IT’S A SILLY FANTASY, but one that recurs from time to time. I become nostalgic thinking about favorite outfits I once wore. The nostalgia most likely has more to do with yearning for my younger, slimmer days, but the fun of the fantasy would be in seeing all the clothes I’ve ever worn laid out in an amusing timeline of how my tastes and style (if one could call it that) have evolved. I expect the reaction would be a mix of laughter, pleasure and horror at being reminded of the clothes I once put on my body.
This is but one of the hundred ways in which I am not like heiress, businesswoman and socialite Marjorie Merriweather Post, the doyenne of Hillwood Estate, whose exquisite gowns and dresses very much deserve to be on display. Luckily, some of them are.
The exhibit “Ingenue to Icon: 70 Years of Fashion From the Collection of Marjorie Merriweather Post” opened in June. Until last week visitors could view selections from Post’s warm-weather wardrobe. Now those dresses have been gently returned to storage, where they’ll remain for at least four years before being seen again, to make way for a winter grouping of her amazing gowns. Twelve dresses are on display in the mansion, positioned in rooms (or closets) thought most fitting as a backdrop. Another 20 gowns and dresses fill the gallery-like Adirondack building. Hats, shoes, gloves and other accessories, as well as archival images, accompany many of the ensembles. The exhibit runs through December.
Post was an important woman who lived during a period in which women’s fashion underwent seismic changes. Fortunately for us, she had the foresight to save the most important examples of the apparel and accessories she acquired over the years. Born in 1887 and heir to the Postum Cereal Company, which eventually became General Foods Corporation, her range of style reaches from the Victorian Age to the Space Age. She died in 1973.
“Throughout her life, Marjorie treated her clothing in much the same manner as her art collection,” explained Hillwood’s associate curator of textiles and curator of the exhibition, Howard Vincent Kurtz. “She knew that her clothing represented not just her own style, but a record of women’s fashion.”
Kurtz is keenly respectful of the garments entrusted to his care. During a behind-the-scenes visit as the previous exhibit was being taken down and the current exhibit was being put in place, he shared some of the tricks he uses to make certain the gowns not only look their best but are oh-so-carefully protected as well. Included in his bag of props are pieces of foam that can be inserted into a sleeve to ensure that it falls perfectly rather than hangs limply; “pita pockets,” actually half moons of airy batting, that can smooth out a bust line or plump up a pleat; and a ready supply of newly purchased petticoats (the originals are too fragile to use) that he can hem at will.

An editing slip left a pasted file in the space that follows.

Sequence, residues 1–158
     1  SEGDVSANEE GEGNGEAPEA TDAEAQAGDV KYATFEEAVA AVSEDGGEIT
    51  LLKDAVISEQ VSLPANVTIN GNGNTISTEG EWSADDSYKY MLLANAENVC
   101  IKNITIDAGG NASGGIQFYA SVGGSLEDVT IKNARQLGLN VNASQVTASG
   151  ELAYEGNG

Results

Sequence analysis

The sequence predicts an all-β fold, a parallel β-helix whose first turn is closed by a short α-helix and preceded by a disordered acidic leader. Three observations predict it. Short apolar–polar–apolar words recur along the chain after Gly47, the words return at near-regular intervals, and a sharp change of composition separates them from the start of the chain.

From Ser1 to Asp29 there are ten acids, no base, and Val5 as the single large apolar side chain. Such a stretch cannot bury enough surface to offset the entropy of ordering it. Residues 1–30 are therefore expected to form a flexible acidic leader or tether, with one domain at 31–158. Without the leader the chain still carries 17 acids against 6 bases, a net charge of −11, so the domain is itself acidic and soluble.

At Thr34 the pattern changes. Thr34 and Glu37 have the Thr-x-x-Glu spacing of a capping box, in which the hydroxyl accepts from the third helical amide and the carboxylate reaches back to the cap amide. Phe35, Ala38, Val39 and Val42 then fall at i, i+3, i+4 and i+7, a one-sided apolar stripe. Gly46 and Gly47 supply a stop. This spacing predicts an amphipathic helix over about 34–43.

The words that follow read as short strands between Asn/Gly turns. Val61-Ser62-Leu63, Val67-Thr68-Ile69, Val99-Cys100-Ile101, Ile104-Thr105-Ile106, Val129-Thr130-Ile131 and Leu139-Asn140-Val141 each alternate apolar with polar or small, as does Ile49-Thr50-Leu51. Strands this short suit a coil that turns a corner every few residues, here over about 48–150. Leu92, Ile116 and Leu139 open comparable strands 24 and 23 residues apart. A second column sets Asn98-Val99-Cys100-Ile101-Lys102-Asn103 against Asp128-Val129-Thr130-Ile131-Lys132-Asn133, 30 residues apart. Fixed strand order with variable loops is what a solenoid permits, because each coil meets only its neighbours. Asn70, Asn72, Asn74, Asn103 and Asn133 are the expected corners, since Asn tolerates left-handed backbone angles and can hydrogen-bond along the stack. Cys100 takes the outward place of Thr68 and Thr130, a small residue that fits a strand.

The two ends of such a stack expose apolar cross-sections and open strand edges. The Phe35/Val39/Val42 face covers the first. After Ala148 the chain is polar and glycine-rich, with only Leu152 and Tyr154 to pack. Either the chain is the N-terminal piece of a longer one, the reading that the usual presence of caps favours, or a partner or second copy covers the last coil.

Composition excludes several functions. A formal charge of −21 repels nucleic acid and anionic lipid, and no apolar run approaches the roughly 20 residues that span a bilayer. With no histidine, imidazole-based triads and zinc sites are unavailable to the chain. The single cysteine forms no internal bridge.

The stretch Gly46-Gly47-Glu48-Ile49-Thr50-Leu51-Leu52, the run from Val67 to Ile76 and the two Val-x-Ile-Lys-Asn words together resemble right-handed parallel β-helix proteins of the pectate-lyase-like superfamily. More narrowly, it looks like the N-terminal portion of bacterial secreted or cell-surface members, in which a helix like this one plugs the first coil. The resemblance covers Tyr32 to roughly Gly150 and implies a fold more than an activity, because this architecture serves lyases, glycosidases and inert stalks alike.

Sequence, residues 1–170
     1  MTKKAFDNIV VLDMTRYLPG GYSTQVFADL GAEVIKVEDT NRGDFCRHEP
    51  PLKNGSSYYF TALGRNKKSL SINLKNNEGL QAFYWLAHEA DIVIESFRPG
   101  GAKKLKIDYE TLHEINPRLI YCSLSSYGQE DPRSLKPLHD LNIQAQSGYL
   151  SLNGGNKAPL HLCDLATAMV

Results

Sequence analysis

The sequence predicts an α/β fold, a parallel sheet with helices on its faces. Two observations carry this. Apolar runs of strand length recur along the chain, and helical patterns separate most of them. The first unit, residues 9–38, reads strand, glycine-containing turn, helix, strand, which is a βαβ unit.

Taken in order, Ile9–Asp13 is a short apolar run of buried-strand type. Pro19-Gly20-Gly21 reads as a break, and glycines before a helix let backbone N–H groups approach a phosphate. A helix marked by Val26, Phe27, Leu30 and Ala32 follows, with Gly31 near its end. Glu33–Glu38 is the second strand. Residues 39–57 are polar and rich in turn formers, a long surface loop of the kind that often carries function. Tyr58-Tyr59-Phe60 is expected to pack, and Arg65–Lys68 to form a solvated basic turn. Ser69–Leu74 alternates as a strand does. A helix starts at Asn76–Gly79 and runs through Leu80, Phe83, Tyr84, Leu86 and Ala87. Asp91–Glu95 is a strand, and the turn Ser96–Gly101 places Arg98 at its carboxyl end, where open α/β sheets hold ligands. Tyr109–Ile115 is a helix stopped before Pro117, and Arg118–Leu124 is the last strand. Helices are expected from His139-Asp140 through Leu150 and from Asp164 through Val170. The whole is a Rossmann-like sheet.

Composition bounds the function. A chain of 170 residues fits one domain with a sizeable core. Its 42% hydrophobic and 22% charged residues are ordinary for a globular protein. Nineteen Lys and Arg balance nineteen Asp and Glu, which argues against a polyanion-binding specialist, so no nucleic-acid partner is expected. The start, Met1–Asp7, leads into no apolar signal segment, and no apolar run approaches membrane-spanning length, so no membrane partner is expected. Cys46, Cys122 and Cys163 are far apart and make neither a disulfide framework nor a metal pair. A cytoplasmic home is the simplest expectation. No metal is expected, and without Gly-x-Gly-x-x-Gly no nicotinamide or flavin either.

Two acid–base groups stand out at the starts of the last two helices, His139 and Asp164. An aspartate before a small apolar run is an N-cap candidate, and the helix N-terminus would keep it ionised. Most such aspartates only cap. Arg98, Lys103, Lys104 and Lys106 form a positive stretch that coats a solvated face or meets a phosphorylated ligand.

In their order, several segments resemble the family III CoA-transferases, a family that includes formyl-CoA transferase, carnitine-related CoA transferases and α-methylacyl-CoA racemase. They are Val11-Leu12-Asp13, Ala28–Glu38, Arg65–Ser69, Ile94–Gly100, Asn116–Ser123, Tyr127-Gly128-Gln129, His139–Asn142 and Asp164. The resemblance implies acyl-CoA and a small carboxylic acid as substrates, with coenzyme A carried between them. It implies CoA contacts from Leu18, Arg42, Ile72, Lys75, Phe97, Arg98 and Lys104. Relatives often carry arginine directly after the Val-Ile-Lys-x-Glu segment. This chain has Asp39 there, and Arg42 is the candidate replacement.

It takes two pairs of hands to dress a mannequin, Kurtz says, in order to minimize the amount of stress placed on the garment. Yet no one wears gloves. “That’s right,” he says. “Gloves can leave lint. We just make sure we have very, very clean hands.” Those handling the clothes aren’t allowed to wear makeup or perfume either, lest a smell or a smudge get transferred to the delicate materials. It can easily take up to two and a half hours, sometimes more, to dress one mannequin.
“Marjorie always had the best,” Kurtz says of the woman whose clothes he so often handles and whose legacy he admires. “During her life she went from a size 2 to a size 10. She had broad shoulders, a tiny waist and not much of a derriere. Her shoe size was 6½. She kept very fit—walking, golfing, she was always on the go.” Kurtz has the privilege of seeing up close the impeccable tailoring and exquisite fabrics that make up Post’s wardrobe. Her exacting eye as a collector of decorative objects also extended to her appreciation for rich fabrics and elegant design.
The collection will delight not only those who take great pleasure in fashion, but those who also enjoy stepping back in history. Post experienced great change throughout her lifetime and her wardrobe is a beautifully illustrative reflection of the historical eras through which she lived. How sad that the highlight of my lifetime’s fashion history was the mini skirt.
Hillwood Estate, Museum & Gardens, 4155 Linnean Avenue NW, Washington, D.C. Open Tuesday through Sunday 10am to 5pm, through December 31, 2015. Suggested entrance donation $18; $15 for seniors, $10 students.